Author Archives: Anita Rogers

ROOM: Sketchbook for Analytic Action Highlights Jan Cunningham

Above: Jan Cunningham, Hant, 2023, Oil on linen, 24″ x 24″

Jan Cunningham is a painter and photographer. She lives and works in New Haven. Her work is represented by the Anita Rogers Gallery in New York.

The paintings, drawings, and photographs that make up my practice grow out of close observation of my surroundings, an awareness of the past, and memory. I am fascinated with the materiality of color and light, the mysteries of proportion and scale, and the relative and often great distance between two points in close proximity to each other. It is my hope to make present in the work the moments of equilibrium, the rhythms of disclosure, and the different realities that I discover in the act of looking and making. I hope these discoveries, evolving over time, will prompt recognition on the part of the viewer, as they have in me.

View More on

View More on ROOM website.


Kaló Mína Features Tomas Watson

Photo by Jon-Paul Rodriguez


A roundup of this month’s art and design news about the makers and creators from Greece and Cyprus

Transitions was an exhibition of paintings and works on paper by Tomas Watson at the Anita Rogers Gallery. It included work from 2017 to present day. This time period was characterized by radical upheaval – both emotionally and physically – for the artist.

Watson is a figurative artist that is not restricted by realism. He lived and worked in Greece for most of his career. When asked why, Watson answers, “The Greek light.”

For the closing party on May 25, the Anita Rogers Gallery transported guests to 1940s Greece with live rebetiko and smyrnaiko music, Greek food and wine, and dancing.

View More on

View More on

Artwork Archive Interviews Richard Keen III

Richard Keen working in his studio. Photo courtesy of the artist and Artwork Archive.

Why One Coastal State’s Landscape is Integral to This Artist’s Creative Process

Paige Simianer | April 11, 2024

“As far back as I can remember I have made sense of the world through art,” Richard says in his artist statement.

Artwork Archive’s Featured Artist Richard Keen is known for his use of color, line, and geometry influenced by the Maine coast, where he lives and works.

His commitment to interpreting his surroundings has led the artist to develop a distinctive style that resonates with both the physical beauty and the underlying geometric patterns of the Maine coastline. Through his eyes, viewers are invited to experience the familiar landscapes of Maine in a new light, where natural and man-made structures alike are reimagined.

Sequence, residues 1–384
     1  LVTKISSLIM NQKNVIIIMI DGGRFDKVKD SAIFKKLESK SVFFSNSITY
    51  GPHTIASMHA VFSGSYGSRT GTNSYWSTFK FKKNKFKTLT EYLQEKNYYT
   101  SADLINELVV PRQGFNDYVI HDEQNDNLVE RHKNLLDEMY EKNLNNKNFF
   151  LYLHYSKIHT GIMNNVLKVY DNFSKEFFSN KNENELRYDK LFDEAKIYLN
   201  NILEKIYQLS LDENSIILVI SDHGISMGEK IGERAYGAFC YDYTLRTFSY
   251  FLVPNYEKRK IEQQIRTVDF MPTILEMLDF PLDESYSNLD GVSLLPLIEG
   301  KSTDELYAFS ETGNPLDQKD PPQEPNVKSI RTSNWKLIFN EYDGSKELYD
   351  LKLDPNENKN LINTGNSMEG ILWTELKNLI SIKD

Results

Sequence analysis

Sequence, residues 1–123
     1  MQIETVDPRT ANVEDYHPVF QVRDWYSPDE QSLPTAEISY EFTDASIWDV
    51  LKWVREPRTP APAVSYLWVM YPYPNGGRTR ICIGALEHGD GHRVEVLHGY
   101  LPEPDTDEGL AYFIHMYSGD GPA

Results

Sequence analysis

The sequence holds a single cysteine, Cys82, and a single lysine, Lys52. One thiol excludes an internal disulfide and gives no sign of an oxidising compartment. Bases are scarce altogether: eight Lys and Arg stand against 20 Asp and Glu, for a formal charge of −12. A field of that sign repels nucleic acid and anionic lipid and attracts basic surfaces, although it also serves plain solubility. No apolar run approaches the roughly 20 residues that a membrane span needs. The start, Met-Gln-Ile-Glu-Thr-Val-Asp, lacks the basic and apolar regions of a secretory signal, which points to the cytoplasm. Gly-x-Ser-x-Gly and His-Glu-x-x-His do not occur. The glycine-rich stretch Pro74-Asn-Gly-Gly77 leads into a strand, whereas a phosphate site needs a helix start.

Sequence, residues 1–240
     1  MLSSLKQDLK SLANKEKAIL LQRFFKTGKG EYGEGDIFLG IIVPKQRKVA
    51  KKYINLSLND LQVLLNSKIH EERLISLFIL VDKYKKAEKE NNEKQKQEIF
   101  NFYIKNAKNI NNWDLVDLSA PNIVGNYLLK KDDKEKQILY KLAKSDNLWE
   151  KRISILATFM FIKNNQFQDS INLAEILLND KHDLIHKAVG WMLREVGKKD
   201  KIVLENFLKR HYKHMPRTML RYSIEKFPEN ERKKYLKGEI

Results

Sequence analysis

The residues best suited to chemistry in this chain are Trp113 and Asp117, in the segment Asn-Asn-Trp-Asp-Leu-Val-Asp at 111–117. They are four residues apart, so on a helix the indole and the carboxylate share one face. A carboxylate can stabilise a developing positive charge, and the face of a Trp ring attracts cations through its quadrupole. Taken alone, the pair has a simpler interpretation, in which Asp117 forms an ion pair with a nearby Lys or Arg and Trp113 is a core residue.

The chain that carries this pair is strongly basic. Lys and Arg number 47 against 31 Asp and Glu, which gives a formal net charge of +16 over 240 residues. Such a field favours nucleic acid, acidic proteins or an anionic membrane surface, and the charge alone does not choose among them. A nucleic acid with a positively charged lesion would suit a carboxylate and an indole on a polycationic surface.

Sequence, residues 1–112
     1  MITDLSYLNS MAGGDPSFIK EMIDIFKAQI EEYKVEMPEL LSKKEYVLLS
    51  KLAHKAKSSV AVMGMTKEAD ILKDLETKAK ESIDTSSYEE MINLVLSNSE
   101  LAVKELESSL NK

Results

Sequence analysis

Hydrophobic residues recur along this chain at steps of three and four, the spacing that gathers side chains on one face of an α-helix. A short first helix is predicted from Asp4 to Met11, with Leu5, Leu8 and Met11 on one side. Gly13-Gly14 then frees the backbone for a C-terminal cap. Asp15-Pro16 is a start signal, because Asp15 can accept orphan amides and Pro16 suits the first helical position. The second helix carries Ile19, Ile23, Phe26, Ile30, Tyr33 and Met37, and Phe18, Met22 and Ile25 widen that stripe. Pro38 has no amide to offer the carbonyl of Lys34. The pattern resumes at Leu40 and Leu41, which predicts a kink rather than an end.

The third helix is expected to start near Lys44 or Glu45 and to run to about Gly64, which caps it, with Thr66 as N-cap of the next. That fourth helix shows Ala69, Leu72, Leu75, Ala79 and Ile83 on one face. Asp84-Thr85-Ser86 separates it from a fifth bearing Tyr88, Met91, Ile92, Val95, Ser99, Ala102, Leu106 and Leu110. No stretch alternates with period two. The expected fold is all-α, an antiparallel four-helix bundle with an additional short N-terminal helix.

The methods Richard uses to paint vary. Through scraping, wiping, brushing, spraying, and the use of palette knives and scrapers, he explores the tactile possibilities of paint.

Richard’s work is characterized by a delicate balance between the precision of crisp lines and shapes—often achieved through careful taping—and the expressive qualities of brushwork and other mark-making techniques.

At the heart of the artist’s abstractions is the concept of place, a tangible link to the environments that inspire him. Yet, his art leaves ample room for viewers to embark on their own journeys of interpretation and meaning.

Through his work, Richard Keen not only captures the essence of his surroundings but also offers a window into the profound ways in which art can shape our understanding of the world.

Artwork Archive had the chance to chat with Richard Keen about the significance of the coast of Maine in his artwork, his advice for artists, and how Artwork Archive helps him manage his studio and art career!

Do you have a favorite or most satisfying part of your process? 

There is so much about the act of creating that is satisfying—I really, really love each part, so it’s hard to say which is my favorite.

The beginning, or the unknown; the middle, where my vision starts to become clear yet the finish line seems foggy and unsettled, with potential risk and failure; and…. the final piece which eventually reveals itself and calls you back over and over to stare in amazement that you actually created it.

Can you talk more about the significance of the coast of Maine in your identity as an artist?